Soaring electricity demand, infrastructure woes and a surge in global gas prices have triggered an extraordinary rally for the world’s least liked commodity.
Australian thermal coal at Newcastle Port, the benchmark for the vast Asian market, has climbed 106% this year to more than $166 per metric ton, according to the latest weekly assessment by commodity price provider Argus.
The Newcastle weekly index, which stood at a 2020 low of $46.18 in early September, now appears to be closing in on an all-time high of $195.20 from July 2008. Its South African equivalent, the Richards Bay index, ended the week through to Aug. 13 at $137.06 per metric ton, up more than 55% this year.
To put thermal coal’s remarkable rally into some context, international benchmark Brent crude is one of few assets to have recorded comparable gains this year. The oil contract is up 33% year-to-date.
The resurgence of thermal coal, which is burned to generate electricity, raises serious questions about the so-called “energy transition.” To be sure, coal is the most carbon-intensive fossil fuel in terms of emissions and therefore the most important target for replacement in the pivot to renewable alternatives.
Yet, as policymakers and business leaders repeatedly tout their commitment to the demands of the deepening climate emergency, many still rely on fossil fuels to keep pace with rising power demand.
It comes shortly after the world’s leading climate scientists delivered their starkest warning yet about the speed and scale of the climate crisis. The Intergovernmental Panel on Climate Change’s landmark report, published Aug. 9, warned a key temperature limit of 1.5 degrees Celsius could be broken in just over a decade without immediate, rapid and large-scale reductions in greenhouse gas emissions.
U.N. Secretary-General, António Guterres, described the report’s findings as a “code red for humanity,” adding that it “must sound a death knell for coal and fossil fuels before they destroy our planet.”
Earlier this year, Guterres pushed for all governments, private companies and local authorities to “end the deadly addiction to coal” by scrapping all future global projects. The move to phase out coal from the electricity sector was “the single most important step” to align with the 1.5-degree goal of the Paris Agreement, he said.
Yulia Buchneva, director in natural resources at Fitch Ratings, says that thermal coal remains a key global energy source, noting the commodity still has a more than 35% share in global power generation.
“We expect that the share of coal in energy generation will decline driven by the energy transition agenda, however this will have a rather longer-term impact on the market. In the medium-term demand for coal in emerging markets with less strict environmental agenda, in particular in India, Pakistan, and Vietnam, where coal-fired power dominates generation, is expected to rise,” Buchneva said.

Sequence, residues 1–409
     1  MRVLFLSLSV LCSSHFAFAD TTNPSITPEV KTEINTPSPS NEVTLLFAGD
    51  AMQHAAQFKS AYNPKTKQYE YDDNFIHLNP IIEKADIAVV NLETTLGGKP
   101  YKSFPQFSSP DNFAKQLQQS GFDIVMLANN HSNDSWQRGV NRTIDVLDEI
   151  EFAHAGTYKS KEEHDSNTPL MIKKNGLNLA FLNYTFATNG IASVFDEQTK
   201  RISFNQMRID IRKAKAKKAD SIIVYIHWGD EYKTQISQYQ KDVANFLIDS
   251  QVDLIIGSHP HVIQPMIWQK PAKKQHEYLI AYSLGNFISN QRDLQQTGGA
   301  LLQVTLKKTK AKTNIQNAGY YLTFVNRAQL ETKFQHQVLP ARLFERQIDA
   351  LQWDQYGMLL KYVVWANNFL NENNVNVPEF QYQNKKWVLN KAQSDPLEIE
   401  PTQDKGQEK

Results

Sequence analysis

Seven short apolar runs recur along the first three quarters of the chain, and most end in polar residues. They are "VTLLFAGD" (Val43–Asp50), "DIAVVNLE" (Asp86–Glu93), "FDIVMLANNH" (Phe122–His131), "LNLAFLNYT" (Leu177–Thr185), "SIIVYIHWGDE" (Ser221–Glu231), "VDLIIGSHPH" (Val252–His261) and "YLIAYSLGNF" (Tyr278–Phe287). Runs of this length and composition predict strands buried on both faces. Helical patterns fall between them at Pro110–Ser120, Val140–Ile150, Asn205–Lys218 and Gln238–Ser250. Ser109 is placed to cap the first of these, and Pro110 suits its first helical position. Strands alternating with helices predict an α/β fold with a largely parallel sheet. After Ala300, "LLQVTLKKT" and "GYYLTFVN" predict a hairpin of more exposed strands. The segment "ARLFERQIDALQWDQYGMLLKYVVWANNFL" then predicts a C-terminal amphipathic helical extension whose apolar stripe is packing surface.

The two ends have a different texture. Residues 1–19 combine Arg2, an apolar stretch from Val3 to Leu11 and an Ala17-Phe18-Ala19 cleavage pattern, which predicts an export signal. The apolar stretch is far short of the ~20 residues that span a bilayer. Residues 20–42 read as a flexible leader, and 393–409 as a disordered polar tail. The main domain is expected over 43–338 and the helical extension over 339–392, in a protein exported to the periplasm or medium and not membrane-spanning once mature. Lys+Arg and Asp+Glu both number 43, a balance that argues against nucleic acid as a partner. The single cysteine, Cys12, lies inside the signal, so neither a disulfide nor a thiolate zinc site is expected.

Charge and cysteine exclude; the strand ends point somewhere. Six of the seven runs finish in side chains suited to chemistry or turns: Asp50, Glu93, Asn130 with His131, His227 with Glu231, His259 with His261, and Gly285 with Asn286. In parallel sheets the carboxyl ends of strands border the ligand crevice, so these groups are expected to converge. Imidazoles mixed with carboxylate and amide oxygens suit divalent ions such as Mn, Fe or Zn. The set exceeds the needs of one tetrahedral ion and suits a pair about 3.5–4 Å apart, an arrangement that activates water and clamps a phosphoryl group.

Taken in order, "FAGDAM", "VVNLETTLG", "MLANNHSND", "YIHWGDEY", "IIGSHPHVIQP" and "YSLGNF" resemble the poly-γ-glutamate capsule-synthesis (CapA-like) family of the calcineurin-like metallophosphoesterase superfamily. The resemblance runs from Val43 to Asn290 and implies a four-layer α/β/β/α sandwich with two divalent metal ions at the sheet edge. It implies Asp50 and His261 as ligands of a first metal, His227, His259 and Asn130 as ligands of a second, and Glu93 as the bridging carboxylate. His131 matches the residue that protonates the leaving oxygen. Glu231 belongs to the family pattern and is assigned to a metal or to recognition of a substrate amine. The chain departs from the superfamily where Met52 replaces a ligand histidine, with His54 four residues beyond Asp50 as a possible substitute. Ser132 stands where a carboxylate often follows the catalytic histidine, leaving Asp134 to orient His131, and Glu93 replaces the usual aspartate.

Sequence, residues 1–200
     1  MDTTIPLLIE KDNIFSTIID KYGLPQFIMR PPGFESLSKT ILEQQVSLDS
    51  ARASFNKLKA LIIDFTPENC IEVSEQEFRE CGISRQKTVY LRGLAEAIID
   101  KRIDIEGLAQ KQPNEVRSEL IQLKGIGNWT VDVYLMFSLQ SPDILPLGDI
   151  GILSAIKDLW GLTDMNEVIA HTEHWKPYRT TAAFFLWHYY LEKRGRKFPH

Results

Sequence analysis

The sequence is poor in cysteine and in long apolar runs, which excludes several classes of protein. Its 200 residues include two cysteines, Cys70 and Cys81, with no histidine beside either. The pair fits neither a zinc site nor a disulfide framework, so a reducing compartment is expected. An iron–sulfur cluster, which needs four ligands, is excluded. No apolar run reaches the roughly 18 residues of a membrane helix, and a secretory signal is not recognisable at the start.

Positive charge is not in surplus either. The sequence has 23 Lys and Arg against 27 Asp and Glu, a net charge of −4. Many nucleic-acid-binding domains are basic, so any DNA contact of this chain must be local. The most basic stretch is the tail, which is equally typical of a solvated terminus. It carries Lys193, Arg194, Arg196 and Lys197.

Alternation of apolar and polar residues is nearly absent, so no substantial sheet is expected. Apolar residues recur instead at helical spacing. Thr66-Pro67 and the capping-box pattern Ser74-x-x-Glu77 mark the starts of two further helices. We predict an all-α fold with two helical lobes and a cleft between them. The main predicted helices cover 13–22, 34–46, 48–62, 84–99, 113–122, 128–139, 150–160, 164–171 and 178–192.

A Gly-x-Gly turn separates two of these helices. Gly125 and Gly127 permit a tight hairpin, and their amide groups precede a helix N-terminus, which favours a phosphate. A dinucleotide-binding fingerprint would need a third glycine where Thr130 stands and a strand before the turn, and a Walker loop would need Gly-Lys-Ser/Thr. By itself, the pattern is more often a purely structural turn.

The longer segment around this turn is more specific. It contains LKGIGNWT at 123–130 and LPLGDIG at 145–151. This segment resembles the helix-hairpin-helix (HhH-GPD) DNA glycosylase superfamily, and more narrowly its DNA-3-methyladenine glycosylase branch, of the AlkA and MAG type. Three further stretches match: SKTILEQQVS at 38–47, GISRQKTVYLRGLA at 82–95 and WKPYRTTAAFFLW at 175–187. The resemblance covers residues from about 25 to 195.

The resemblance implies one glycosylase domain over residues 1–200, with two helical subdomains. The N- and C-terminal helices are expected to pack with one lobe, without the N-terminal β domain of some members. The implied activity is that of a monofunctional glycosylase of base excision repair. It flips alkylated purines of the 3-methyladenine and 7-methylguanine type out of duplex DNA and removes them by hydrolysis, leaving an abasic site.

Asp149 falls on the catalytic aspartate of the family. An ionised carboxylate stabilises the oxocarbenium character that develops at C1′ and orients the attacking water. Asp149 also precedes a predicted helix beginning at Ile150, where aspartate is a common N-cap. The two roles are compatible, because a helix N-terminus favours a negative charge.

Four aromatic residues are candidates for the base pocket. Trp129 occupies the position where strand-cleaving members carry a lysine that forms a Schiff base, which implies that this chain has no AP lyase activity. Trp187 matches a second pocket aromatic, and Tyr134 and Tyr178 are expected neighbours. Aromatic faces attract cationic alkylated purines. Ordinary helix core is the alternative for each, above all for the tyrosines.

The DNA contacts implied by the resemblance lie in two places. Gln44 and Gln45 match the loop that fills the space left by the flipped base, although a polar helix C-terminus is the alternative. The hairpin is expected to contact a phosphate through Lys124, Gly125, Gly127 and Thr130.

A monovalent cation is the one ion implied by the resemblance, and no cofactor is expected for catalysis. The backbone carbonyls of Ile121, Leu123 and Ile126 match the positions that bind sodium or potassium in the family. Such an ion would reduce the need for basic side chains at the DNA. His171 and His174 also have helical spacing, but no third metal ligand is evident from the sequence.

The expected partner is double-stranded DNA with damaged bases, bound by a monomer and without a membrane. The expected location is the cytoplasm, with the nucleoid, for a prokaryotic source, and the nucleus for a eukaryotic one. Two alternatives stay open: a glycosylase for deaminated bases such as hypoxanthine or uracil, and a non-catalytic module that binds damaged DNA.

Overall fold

By comparison, Buchneva said that since the U.S. and EU account for only 10% of worldwide demand for coal, an expected contraction in these regions would have a limited impact on the global market.
When asked whether thermal coal prices could push even higher in the coming months, Buchneva replied: “The current high thermal coal prices have decoupled from costs and are therefore not sustainable. We expect that prices will normalize during the remainder of the year.”
Fitch Ratings assumes the price of high energy Australia coal will decline toward $81.
Energy analysts cited a variety of reasons for thermal coal’s breakneck rally. These included rebounding power demand in China, Beijing’s informal ban on coal imports from Australia, supply disruptions in Australia, South Africa and Colombia, and rising global gas prices.
For the latter, analysts at Argus said Europe had incurred unseasonably low gas storages, weak liquified natural gas imports and modest pipeline imports from Russia. It has coincided with gas prices rising more sharply than coal and thus led to an increased incentive to burn coal at the expense of gas for power generation.
“Coal as an expensive substitute, especially in Europe given the need to buy pollution offsets via emission futures, is likely to continue into the winter period,” said Ole Hansen, head of commodities research at Saxo Bank.
“This in response to low gas stock levels both in the US and Europe following a high demand season driven by extreme heat and economic activity,” he continued. “All in all, coal is in demand despite raised focus on climate change.”
Hansen said this was simply due to the lack of supplies from coal’s biggest competitor: natural gas.
“I’m reluctant to get into how this is going to continue to play out over the next few months. I think things are fairly fluid in terms of the impact of the virus on various economies and it doesn’t take much of a slowdown for things to really start impacting a commodity like coal,” said Seth Feaster, energy data analyst at IEEFA, a non-profit organization.
“One thing I can say is that prices have been very volatile. And from a U.S. perspective, when coal companies talk about exports being their savior, we find that pretty suspect because volatility makes it very difficult for coal companies to have any kind of long-term plan around thermal coal exports.”
Feaster said that while some countries appeared hesitant to move away from coal, it is becoming “abundantly clear” that financing for coal projects is drying up. “It is going to be very difficult going forward to fund any kind of new power projects for coal,” he continued.
“I think that that’s really going to become a pariah around the world for anybody to finance coal projects. It is going to become more expensive and more difficult.”